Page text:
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What to Know About 401k and 403b Retirement Plans

January 3, 2024



  • 401k and 403b are retirement savings plans offered by employers so their employees can save and invest for retirement while receiving some tax advantages along the way.
  • Participating in a 401k or 403b plan can play a crucial role in securing a financially stable retirement.
  • By taking advantage of employer contributions (if offered with your plan), tax benefits, and long-term investment growth, individuals can build a financial foundation for their retirement years.
  • Read on to understand the basics, then be sure to contact your employer or a financial advisor for the specifics of your situation.

Are you thinking about your financial future? Planning for retirement might seem like a distant goal, but it’s never too early to start considering your options.

Understanding the fundamentals about 401k and 403b retirement plans can help you get a better grasp on what they entail and how they can benefit you in the long run.

What are 401k and 403b Retirement Plans?

Let’s start with the basics. Both the 401k and 403b are retirement savings plans that are offered by employers to their employees.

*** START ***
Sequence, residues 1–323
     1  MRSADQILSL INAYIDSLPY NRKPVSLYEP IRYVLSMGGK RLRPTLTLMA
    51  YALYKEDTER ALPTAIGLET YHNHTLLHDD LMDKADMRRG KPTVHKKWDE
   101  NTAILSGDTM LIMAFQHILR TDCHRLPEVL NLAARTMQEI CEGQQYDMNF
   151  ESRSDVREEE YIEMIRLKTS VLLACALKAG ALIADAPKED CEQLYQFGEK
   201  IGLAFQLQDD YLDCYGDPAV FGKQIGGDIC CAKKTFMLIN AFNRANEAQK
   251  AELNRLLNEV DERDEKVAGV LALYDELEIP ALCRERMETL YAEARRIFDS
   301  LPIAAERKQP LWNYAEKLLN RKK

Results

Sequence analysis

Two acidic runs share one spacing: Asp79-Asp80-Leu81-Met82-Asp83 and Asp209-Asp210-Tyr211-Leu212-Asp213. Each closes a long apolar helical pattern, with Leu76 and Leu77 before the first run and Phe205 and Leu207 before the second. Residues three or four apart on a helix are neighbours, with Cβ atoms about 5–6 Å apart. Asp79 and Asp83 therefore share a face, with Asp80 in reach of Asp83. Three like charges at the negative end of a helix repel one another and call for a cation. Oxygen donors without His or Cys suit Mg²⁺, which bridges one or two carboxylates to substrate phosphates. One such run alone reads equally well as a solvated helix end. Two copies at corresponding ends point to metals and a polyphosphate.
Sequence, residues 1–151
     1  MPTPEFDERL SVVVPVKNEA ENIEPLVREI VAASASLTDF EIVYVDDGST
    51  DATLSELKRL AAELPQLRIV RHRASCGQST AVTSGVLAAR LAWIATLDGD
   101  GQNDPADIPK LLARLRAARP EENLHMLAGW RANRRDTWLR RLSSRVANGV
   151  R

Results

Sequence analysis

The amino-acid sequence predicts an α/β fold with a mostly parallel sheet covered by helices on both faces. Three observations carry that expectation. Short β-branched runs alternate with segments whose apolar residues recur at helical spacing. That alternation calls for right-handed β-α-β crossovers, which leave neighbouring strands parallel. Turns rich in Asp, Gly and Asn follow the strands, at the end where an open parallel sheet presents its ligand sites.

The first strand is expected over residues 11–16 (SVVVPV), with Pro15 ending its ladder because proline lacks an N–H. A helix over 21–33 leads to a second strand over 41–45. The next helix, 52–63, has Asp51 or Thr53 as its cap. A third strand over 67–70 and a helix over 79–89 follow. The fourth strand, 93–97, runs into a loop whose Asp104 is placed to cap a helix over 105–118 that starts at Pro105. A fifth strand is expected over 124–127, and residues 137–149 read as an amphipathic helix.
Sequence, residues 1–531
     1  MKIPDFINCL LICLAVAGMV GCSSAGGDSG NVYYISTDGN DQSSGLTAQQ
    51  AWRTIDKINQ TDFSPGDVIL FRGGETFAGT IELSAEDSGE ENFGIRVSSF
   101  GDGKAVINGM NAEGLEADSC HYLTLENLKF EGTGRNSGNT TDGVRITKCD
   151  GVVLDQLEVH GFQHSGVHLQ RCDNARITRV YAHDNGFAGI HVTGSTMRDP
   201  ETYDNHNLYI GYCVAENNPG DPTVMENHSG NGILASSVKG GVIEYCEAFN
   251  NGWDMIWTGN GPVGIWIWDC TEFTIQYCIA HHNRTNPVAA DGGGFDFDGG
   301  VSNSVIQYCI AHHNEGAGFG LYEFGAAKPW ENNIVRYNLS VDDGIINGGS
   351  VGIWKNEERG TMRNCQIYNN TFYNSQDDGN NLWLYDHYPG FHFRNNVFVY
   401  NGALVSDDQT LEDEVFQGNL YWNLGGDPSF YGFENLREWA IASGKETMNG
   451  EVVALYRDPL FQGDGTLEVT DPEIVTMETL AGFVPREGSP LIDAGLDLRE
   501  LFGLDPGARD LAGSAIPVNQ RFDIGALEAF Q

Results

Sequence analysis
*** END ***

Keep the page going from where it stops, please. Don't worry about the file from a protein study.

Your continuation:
401k plans are typically offered by for-profit companies, while 403b plans are offered by certain nonprofit organizations, schools, and other tax-exempt entities. They are designed to help individuals save and invest for their retirement while offering some tax advantages along the way.

Employee-sponsored 401k and 403b retirement plans allow employees to deduct money from their paychecks, deposit it in a retirement account and earn interest tax-deferred.

Tax-deferred means this saved income is not taxable until you withdraw the funds.

How 401k and 403b Retirement Plans Work

You decide how much money you want deducted from your paycheck and deposited to the plan based on limits imposed by plan provisions and IRS rules.

Your employer may also choose to make contributions to the plan.

These plans enable employees to choose various investment accounts including mutual funds, stocks, bonds and money market accounts.  401k plans are offered by for-profit companies, and 403b plans are offered by non-profit companies.

It is your responsibility to decide if you want to participate in the plan and, if so, how much you will contribute each pay period.

Note that 401k and 403b plans often facilitate automatic payroll deductions, making it easy for individuals to contribute regularly without actively managing their contributions. This automated process encourages consistent savings without the need for constant manual intervention.